Sometimes, out of necessity, bees are invited to trespass. When I was in Alaska in the early 1970s, I learned that California was importing Alaskan bees to pollinate the state’s food crops. So few crops were grown in Alaska, and for such a short season, that its environment, unlike California’s, was relatively pest- and hence pesticide-free. So Alaskans shipped their bees south to do their thing in California’s fields.
Their thing — the thing that bees and other pollinators do — is a detailed and time-consuming task: flying from flower to flower to collect nectar and, in the process, move pollen from stamens to pistils, from male to female plant parts, so a plant can bring to maturity whatever “fruit” that plant produces — almonds, oranges, peppers, buckwheat. It is a job for which humans are so ill equipped that it has always been difficult for me to imagine how bees might be replaced by human invention.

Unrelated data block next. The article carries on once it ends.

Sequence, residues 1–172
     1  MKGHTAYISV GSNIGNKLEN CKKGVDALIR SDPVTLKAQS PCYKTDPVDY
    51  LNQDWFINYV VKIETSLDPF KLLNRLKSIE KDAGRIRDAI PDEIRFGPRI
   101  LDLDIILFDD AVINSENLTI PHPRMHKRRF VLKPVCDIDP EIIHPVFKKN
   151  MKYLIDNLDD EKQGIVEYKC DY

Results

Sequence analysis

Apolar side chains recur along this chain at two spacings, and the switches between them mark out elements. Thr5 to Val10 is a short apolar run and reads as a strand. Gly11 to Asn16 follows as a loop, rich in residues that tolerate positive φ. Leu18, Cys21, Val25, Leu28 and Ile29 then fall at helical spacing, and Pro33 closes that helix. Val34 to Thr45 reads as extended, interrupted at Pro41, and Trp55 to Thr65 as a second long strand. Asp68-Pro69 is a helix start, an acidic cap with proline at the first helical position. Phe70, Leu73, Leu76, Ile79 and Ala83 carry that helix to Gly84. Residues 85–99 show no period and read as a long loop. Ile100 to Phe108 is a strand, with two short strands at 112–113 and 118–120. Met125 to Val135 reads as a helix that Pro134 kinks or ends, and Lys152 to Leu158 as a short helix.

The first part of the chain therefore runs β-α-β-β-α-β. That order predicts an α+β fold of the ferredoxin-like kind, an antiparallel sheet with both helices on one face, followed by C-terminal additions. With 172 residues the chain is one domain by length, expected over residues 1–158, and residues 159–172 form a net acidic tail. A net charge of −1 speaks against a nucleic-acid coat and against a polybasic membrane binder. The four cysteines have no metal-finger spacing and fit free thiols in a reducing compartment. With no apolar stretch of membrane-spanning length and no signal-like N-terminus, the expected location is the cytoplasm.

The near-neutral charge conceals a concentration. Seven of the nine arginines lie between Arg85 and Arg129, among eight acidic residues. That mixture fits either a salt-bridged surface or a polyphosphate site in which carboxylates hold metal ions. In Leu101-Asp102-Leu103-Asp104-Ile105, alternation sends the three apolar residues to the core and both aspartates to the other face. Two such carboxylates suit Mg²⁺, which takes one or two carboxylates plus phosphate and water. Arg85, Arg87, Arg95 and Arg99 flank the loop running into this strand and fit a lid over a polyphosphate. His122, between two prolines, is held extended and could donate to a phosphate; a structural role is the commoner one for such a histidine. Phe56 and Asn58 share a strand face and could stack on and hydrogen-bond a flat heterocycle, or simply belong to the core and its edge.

Most of the “advances” in agriculture — pesticides, herbicides, synthetic fertilizers — have been ways of substituting things made directly or indirectly from petroleum for things Nature normally takes care of: fertilizers for soil fertility, pesticides for insect control, herbicides for weed control. But whatever might we substitute to carry out the task of pollination? Oddly enough, there’s now an answer.
Several years ago, in a report from the Center for Health and the Global Environment of the Harvard Medical School, a chapter on “Ecosystem Services” opened with a picture of two young women — Nepalese women, the caption indicated — hand pollinating a blooming apple tree.
Bees in Maoxian County at the border between China and Nepal have gone extinct, forcing people to pollinate apple trees by hand. It takes 20 to 25 people to pollinate 100 trees, a task that can be performed by 2 bee colonies.
So it’s finally been demonstrated, experimentally so to speak, that bees are stunningly more efficient than people, and there is no reasonable substitute, a fact that urgently needs acting on before it’s too late.